Winter Storm Causing Nationwide Flight Delays

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by AP

WASHINGTON, D.C. (AP) -- A winter storm that is sweeping through the mid-Atlantic and Northeast Tuesday has forced the government officials in Washington, D.C., to close their offices in anticipation of heavy snowfall that is expected to hit numerous cities, while airports are already canceling thousands of flights.

CLICK HERE TO SEE CHARLOTTE AIRPORT DELAYS.

The National Weather Service said the storm could bring 10 to 14 inches of snow to Philadelphia and up to a foot in New York City, to be followed by bitter cold. An arctic air mass will plunge the eastern half of the United States into a deep freeze, with wind chills as low as 40 degrees below zero, the weather service said. Between 4 to 10 inches of snow is expected in the Washington, D.C., area, and parts of New England, including the city of Boston, could see up to 15 inches, according to reports from Fox affiliate stations.

It warned of heavy winds and hazardous driving conditions as the storm moved up the East Coast.

The snow, which began mid-morning, is expected to continue through the late evening hours, with the heaviest snow expected Tuesday afternoon and evening.

Schools in Pennsylvania, New Jersey, New York, Connecticut, Maryland, Virginia, West Virginia and Kentucky are sending students home early on Tuesday or staying closed for an extra day after the Martin Luther King Jr. Day holiday.

The Office of Personnel Management says non-emergency personnel in and around Washington are granted excused absences for the day. Emergency employees and telework-ready employees are expected to work.

Tom Ripley, who works at a Washington hardware store, said his morning commute was cut in half because "there was almost no one on the road."

He said the store was jammed Monday as customers stocked up on ice melt and shovels.

"Nobody prepares because we never get any snow, so the slightest chance of it, everybody freaks out," Ripley said.

Both chambers of Delaware's General Assembly are also canceling sessions Tuesday.

The National Weather Service is warning of heavy winds and hazardous driving conditions as the storm moves up the East Coast.

Airports across the U.S. have canceled more than 2,900 flights as of Tuesday morning, according to the flight tracking website FlightAware.com.

More than 30 percent of incoming flights have been canceled at airports in New York City, Newark, Boston, Baltimore and Washington D.C.

More than 650 flights for Wednesday were also already canceled.

The MTA urged commuters to leave work early as the storm arrived earlier than was predicted.

Schools in Pennsylvania, New Jersey, Connecticut, Virginia, West Virginia and Kentucky stayed closed for an extra day after Martin Luther King Jr. Day holiday, or planned to send students home early. Some parents kept their kids home even if their schools were open, unwilling to put them on slippery roads.

The Pennsylvania Department of Transportation reduced speeds on interstates and other major roads, and said it had already blown through more than half of its $189 million winter weather budget.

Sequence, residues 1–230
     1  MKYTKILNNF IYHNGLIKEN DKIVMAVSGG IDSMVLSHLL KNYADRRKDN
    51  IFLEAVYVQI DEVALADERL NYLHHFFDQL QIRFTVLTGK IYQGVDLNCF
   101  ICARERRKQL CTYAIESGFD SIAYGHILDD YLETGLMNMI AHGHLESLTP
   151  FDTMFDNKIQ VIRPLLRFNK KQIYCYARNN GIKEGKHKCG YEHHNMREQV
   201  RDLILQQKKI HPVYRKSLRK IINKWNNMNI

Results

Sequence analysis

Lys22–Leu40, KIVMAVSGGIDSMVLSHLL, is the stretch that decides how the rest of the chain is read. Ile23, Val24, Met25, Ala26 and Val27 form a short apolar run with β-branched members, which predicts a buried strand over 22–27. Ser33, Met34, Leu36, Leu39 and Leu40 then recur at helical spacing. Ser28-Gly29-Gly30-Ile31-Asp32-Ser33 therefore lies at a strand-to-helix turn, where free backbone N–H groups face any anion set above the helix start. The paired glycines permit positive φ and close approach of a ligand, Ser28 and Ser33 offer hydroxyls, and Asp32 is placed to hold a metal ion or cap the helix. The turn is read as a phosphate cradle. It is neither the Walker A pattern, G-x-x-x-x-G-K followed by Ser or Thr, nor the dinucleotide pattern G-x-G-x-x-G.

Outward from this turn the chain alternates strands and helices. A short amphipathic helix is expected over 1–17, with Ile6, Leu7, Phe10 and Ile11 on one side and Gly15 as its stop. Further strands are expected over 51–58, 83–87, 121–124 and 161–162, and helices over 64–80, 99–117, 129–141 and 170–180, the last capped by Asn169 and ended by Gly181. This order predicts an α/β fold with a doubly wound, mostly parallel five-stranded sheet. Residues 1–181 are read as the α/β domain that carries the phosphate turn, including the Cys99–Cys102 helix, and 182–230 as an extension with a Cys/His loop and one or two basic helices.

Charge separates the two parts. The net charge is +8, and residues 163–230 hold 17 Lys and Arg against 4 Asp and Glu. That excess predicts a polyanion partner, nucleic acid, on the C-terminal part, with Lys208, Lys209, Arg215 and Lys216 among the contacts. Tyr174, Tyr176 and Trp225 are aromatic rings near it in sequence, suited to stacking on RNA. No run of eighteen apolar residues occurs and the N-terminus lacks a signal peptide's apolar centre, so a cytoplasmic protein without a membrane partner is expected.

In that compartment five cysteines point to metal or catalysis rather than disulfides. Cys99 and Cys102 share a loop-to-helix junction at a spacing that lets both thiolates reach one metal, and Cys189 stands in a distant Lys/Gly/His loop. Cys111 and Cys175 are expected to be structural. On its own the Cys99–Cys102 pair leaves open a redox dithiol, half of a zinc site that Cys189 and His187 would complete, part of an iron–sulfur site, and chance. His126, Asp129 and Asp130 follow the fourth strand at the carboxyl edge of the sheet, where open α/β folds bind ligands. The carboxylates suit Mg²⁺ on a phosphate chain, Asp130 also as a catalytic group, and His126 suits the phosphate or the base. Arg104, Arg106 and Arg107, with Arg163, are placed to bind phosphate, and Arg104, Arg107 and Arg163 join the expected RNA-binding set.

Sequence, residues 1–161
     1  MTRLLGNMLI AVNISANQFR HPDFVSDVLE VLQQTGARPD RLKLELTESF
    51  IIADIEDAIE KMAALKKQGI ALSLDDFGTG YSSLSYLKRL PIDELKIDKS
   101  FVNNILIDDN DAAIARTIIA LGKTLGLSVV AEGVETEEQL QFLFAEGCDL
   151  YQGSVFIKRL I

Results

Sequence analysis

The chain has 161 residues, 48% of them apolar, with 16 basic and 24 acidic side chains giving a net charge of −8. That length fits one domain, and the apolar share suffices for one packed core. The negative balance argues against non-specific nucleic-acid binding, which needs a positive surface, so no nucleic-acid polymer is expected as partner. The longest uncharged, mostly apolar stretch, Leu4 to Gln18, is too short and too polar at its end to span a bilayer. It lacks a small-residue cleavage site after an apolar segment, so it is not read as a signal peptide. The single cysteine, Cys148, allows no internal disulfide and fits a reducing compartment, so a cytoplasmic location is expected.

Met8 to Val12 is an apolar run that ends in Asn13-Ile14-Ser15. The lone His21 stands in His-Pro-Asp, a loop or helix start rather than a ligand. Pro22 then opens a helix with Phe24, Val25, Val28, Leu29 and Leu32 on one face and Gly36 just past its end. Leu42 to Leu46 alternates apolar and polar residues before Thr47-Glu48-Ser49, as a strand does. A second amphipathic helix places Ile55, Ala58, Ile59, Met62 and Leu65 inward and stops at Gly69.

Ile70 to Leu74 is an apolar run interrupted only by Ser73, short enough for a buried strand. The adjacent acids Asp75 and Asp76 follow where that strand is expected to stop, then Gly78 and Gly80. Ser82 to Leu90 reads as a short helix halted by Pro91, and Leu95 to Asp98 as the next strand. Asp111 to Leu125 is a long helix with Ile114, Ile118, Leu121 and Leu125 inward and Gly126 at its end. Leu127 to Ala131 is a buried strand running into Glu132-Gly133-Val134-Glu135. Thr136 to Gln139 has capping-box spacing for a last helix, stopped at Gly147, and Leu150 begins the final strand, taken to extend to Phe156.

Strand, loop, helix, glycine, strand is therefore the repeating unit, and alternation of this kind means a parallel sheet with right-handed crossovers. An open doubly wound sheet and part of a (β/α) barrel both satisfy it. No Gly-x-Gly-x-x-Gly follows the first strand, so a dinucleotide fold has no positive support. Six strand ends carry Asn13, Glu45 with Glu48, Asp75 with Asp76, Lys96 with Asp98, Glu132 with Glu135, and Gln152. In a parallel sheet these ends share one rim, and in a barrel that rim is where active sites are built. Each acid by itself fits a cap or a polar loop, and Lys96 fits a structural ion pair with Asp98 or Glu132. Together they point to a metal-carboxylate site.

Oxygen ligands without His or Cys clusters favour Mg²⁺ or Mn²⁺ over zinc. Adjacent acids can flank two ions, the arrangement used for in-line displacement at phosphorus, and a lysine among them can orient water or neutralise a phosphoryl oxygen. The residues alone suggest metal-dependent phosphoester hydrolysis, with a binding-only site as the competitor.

"Lots of nuisance storms this season have meant that PennDOT crews have been plowing and treating roads more frequently this winter," agency spokeswoman Erin Waters-Trasatt said.

The storm is part of a bitter blast of arctic air that is expected to sweep south into Iowa and as far east as Maine by Tuesday night, and remain entrenched through Thursday.

Paul Collar, a meteorologist with the National Weather Service, said highs could be in the single digits.

"It's not to the extent of the last outbreak, but it's still bitterly cold," he told The Associated Press.

Some areas across the U.S.-Canada border could see nighttime lows in the negative double digits in the next few days, he said.

Portions of Minnesota, Vermont, New Hampshire and Maine were under wind chill warnings, meaning wind chills could be 34 degrees below zero or colder.

"With these temperatures you're going to have issues with exposed skin and frostbite, but not to the degree of severity of the last outbreak," he said, describing it as "a normal cold event you'd see in a typical winter."

The last blast of arctic air caused a propane shortage in several states, with some declaring energy emergencies to speed up deliveries.

David Field, the executive vice president of the Ohio Propane Gas Association, told Fox8.com that the Department of Transportation has issued a regional order loosening rules for propane transportation in 10 Midwest states. A similar order is in effect for 14 Eastern states, he said.

“The month of December brought historically cold weather, ice and snow, which further inhibited the transportation of propane. Demand for residential, commercial and agricultural heat soared,” Field told the station. "All these combined to prevent regional inventories from recovering and the existing pipeline and terminal infrastructure has been unable to recover.”

According to the Washington-based Propane Education & Research Council, more than 14 million families use propane to fuel their furnaces, water heaters, air conditioners, outdoor grills, fireplaces, clothes dryers, and ranges.

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